As Cubans called for protests against the island’s communist regime Monday, Gov. Ron DeSantis called on lawmakers to invest $25 million in the Freedom Tower, a historic site in Miami known for its role in helping those fleeing Cuba.
The Freedom Tower was built in 1925, and in the 1960s the federal government used it to process Cuban refugees and provide them services. The nearly century-old building, which was added to the U.S. National Register of Historic Places in 1979 and became a National Historic Landmark in 2008, is in need of repairs and restoration.
Speaking to a seated crowd in the building, DeSantis called his $25 million appropriation request a “layup” for the Legislature benefiting the structure that stands as a stark comparison to the dictatorship 90 miles away.
“If it just teaches young people what this means and they learn about the history and the struggles, and that they’re better citizens as a result of it, that will pay for itself 10 times,” DeSantis said.
The Governor compared the Freedom Tower to Constitution Hall in Pennsylvania, the Alamo in Texas, and the Lincoln Memorial or Washington Monument in the nation’s capital. The building, with its Mediterranean-style structure, stands out against the modern skyline along Miami streets, he noted.
“It makes me feel good, when I see the Freedom Tower, to be an American, to be a Floridian,” DeSantis said.
People marched through Miami streets Monday in solidarity with Cubans who had planned to protest the communist dictatorship. The protests were to be a follow-up to those in July that were the biggest on the island in decades. However, Cuban government forces prevented any protests.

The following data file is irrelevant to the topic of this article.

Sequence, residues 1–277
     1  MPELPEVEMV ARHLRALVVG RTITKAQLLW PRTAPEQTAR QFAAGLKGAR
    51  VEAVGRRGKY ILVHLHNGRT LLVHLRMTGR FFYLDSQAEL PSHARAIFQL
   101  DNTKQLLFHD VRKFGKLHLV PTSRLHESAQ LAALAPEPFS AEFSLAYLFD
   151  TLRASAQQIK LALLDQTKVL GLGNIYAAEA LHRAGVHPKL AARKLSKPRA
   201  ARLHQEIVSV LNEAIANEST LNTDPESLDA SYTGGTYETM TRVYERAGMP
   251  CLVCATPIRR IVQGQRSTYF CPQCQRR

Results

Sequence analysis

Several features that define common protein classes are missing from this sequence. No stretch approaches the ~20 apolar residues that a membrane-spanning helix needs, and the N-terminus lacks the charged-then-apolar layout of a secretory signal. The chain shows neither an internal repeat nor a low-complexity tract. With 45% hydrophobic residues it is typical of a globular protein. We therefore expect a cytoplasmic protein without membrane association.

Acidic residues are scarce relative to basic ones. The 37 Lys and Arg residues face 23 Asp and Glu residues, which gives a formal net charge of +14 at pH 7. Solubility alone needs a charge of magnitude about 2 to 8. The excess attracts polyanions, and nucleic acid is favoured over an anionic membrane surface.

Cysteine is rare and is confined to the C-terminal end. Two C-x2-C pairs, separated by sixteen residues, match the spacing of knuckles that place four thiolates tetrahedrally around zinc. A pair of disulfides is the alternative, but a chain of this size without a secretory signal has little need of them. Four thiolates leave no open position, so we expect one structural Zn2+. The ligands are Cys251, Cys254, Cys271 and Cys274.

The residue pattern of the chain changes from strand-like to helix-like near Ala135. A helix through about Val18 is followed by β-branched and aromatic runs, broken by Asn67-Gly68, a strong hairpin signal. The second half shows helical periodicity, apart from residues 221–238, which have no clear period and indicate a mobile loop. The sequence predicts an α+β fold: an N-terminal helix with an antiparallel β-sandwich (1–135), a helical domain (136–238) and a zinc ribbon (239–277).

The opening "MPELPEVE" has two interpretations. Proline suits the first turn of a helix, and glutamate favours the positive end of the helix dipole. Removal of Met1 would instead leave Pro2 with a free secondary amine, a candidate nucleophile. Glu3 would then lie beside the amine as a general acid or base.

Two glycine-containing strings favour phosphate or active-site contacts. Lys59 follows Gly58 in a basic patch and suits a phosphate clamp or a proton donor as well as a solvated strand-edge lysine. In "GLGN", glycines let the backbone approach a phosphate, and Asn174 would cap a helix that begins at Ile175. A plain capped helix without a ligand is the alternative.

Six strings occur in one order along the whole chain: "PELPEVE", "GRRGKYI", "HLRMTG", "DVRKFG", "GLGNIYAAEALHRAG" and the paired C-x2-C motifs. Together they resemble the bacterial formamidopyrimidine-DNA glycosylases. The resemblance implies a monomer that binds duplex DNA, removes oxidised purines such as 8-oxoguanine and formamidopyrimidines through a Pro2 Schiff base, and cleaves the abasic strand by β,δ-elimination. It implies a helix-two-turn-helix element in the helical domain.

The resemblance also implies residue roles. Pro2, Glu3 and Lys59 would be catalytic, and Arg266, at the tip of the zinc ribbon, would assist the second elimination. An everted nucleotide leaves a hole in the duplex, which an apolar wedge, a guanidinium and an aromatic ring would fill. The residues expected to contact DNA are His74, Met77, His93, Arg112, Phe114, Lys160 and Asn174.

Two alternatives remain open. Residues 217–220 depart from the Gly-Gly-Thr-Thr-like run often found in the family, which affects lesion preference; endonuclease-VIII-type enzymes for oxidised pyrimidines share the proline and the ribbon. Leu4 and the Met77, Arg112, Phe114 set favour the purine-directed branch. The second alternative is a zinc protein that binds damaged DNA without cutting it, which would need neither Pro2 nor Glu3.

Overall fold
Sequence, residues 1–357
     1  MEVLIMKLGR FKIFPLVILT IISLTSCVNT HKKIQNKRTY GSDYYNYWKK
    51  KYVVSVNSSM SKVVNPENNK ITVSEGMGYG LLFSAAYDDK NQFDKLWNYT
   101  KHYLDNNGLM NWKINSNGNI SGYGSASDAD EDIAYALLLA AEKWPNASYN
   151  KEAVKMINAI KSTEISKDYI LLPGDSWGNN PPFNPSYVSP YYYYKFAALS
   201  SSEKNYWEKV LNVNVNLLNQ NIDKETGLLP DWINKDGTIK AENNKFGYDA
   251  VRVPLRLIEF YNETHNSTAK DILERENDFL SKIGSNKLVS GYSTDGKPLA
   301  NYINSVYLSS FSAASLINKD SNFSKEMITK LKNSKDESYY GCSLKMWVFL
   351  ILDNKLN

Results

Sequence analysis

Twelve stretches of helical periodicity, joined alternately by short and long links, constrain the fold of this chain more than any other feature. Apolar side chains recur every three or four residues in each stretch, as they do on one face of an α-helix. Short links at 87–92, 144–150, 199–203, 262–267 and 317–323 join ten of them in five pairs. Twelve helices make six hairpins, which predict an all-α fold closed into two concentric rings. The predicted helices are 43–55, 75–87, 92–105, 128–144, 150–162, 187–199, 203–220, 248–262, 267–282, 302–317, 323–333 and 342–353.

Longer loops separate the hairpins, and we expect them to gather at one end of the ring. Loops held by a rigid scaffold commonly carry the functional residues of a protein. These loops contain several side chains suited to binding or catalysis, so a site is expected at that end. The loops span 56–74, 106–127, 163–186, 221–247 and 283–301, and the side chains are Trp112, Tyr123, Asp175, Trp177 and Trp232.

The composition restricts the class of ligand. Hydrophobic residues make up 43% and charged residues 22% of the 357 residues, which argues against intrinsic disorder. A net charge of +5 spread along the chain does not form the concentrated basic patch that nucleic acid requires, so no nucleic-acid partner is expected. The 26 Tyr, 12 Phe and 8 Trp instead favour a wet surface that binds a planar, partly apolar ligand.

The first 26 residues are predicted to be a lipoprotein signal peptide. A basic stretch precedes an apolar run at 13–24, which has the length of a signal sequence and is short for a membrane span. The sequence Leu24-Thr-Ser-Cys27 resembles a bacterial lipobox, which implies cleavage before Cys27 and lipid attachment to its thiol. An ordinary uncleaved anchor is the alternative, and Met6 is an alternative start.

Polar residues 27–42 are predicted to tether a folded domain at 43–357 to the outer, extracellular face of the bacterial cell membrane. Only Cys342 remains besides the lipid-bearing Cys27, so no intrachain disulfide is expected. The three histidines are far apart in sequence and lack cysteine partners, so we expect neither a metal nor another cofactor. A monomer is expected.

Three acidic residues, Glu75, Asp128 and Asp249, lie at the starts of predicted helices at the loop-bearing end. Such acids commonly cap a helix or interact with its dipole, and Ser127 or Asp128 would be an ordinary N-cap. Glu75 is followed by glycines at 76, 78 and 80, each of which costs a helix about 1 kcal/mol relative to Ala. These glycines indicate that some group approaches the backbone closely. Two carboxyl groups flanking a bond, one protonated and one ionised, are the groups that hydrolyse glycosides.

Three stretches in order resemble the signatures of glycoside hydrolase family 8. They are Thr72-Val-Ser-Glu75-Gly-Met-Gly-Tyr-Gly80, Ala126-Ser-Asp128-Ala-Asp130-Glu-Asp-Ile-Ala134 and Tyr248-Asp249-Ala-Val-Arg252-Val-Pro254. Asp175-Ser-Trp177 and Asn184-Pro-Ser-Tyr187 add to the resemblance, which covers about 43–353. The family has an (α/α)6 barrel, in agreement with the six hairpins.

While DeSantis implored President Joe Biden to provide internet to help protesters earlier this year, and even suggested Florida might do so unilaterally, the topic has waned. The Governor called the federal response “pathetic” and a possibly “missed historic opportunity.”
“There’s been different flashpoints throughout the last many decades,” DeSantis said. “But I don’t know that you’ve ever seen this much dissatisfaction boiling to the surface where we really could see a change and see a better future, finally, after decades of repression.”
Sylvia Iriondo, an activist and Cuban exile, recalled stories and emotions of entering the building, which she called a beacon of hope and American generosity.
“Cuba is the cancer,” Iriondo said. “The metastasis is in Venezuela, in Nicaragua, in Bolivia, in Colombia and in our whole hemisphere, and unless we put a stop to it, it jeopardizes our values, it jeopardizes our principles and it jeopardizes our freedom.”
Americans tend to take freedom for granted, most having grown up with it their entire lives, DeSantis added. The Governor, who has fought lockdowns and mandates during the pandemic as draconian and has criticized socialism and liberal ideologies, suggested there is nowhere left to flee if freedom is taken away in the United States.
“This is, really, freedom’s last stand,” DeSantis said.